The timing is perfect, Bush said. Devastating flooding hit many areas where the better midcentury-style homes were located: Meyerland, Bellaire, Memorial Bend and Braeswood Place, with homes by local architects such as Bang, Lucian Hood, Karl Kamrath, William Floyd and William Jenkins all affected. Even Tiel Way in River Oaks, which once was home to seven MacKie & Kamrath homes, now only has two left, and one of them flooded during the hurricane.
"It's a big part of the city's history," Bush said. "It was the first wave of development after World War II and that was when the boom years in Houston started as far as population growth went."
Bush said Preservation Houston has given 11 Good Brick Awards for restored homes built after World War II and just eight from that time frame -- spread throughout the city, including Glenbrook Valley, the city's largest historic district and one that did not flood -- have City of Houston landmark status. He said Preservation Houston is working with owners of two midcentury modern homes who are hoping to get landmark status.
Houston Mod gives out is own Preservation Awards, and of its 31 recipients, only the Butlers' home has been lost to flooding, Curry said.
Many homes that flooded during Hurricane Harvey had never flooded before, and many of those homeowners are working to repair their homes, still on the ground or elevated, a move to counter future flooding.
In Braeswood Place, Don Emmite, a retired interior designer, and his partner Jim Power repaired and moved back into their 1960 midcentury home. Their sleek home still has its original Terrazzo tile floors and pink double ovens in its time capsule of a kitchen. Harvey was the first flooding the men had dealt with since they bought their home in 1995, so they assessed their risk of future flooding as slim and decided to stay put.
In Meyerland, Gavin Gerondale dealt with flooding for the second time since he and his late wife bought their home, designed by Brooks and Brooks Architects in 1965. Gerondale, who bought the home in 1996, had two feet of water in his home, but got it cleaned up quickly with help from his son. Both Rosenbaum's and Gerondale's homes were given City of Houston landmark status in 2016 -- the only two midcentury homes in Meyerland with that designation.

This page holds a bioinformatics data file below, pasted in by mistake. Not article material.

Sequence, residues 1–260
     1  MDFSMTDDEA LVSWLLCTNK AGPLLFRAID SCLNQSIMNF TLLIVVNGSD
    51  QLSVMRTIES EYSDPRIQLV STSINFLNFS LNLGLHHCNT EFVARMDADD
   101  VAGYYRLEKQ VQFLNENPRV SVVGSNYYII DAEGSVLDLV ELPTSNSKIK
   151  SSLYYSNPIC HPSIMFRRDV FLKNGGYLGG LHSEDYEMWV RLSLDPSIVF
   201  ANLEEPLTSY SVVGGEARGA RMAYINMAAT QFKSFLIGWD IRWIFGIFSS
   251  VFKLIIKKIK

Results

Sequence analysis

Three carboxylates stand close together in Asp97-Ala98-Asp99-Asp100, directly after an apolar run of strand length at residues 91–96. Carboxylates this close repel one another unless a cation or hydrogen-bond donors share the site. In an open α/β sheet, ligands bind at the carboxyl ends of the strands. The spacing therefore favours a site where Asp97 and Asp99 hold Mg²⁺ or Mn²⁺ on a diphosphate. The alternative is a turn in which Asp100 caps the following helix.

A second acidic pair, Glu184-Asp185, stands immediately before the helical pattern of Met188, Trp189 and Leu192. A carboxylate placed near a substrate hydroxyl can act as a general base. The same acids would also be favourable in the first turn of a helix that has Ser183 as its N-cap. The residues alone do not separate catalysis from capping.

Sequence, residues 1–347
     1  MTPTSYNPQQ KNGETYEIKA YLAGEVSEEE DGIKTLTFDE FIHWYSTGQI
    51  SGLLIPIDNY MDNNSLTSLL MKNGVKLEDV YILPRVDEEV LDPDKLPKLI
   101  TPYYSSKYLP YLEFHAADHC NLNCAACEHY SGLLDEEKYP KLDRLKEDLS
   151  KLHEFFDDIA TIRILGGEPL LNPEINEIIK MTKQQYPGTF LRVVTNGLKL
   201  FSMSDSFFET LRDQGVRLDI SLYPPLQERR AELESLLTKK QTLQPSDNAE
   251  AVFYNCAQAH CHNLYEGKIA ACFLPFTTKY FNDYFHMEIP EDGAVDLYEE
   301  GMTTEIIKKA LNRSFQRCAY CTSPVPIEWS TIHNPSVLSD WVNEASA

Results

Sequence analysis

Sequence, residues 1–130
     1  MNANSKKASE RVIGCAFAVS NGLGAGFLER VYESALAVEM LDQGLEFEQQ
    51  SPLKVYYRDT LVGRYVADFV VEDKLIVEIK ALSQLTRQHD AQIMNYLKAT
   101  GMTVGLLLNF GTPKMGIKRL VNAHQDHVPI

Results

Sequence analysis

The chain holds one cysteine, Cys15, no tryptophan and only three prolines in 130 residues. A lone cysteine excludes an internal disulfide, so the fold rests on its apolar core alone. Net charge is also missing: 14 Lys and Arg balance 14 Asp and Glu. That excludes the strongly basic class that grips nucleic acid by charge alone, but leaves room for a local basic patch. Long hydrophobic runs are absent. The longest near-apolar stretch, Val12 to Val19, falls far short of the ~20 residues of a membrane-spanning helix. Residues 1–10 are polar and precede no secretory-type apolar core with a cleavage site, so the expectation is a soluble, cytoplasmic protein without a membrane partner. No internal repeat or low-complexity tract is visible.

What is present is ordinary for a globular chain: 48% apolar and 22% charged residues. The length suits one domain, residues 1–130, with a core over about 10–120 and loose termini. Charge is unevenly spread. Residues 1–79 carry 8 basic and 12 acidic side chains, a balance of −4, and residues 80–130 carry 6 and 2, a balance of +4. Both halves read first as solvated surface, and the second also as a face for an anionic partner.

Attorney Glen Rosenbaum's home on South Braeswood was hit by the Memorial Day flood in 2015, Tax Day flood in 2016 and then suffered more than 3 feet of flooding from Harvey in 2017. Committed to keeping his parents' homestead standing, he's now working to waterproof its base. Rosenbaum's parents built their home in 1964, a midcentury gem designed by architect Arthur D. Steinberg.
Jason and Vanessa Smith felt the same way about their home in Willow Bend. It was built in 1955, designed by William R. Jenkins, an architect who was dean of the University of Houston's architecture school from 1968 to 1988. Jenkins designed five homes on the Smiths' cul-de-sac, and all of them flooded during Harvey.
The Smiths -- he's a music teacher and she works in mutual fund servicing -- fell in love with midcentury architecture when they started looking for a home more than a decade ago. They bought their home in 2005 and did interior restoration and then replaced its roof, earning a Preservation Houston Good Brick Award in 2007.
Harvey's flooding prompted a third phase of restoration of their 2,000-square-foot home after 18 inches of water sat in and around it for about 12 hours.
Emmite, Power and the Smiths saw Hurricane Harvey's massive rainfall as an unusual weather event never seen before and -- fingers crossed -- not likely to happen again. They put their money in their homes and are living in them again.
"When we decided to buy a house we talked about the features we wanted. Our vision was old but futuristic, and I didn't know what that was then," Jason Smith said. "I did some research and I figured it out."
He became so enamored with the genre and the good examples of it on his own street that he wrote a book to document Jenkins' legacy in Houston: "High Style in the Suburbs: The Houses of William R. Jenkins," published in 2009. Of the 11 homes featured in the book, only one has since been torn down.
Their interest goes beyond their own homes, to their neighborhoods at large. Already they and many others felt the need to light a candle every time they saw another historic structure being demolished -- in their neighborhoods or elsewhere -- but they are more distressed about the new architectural landscape.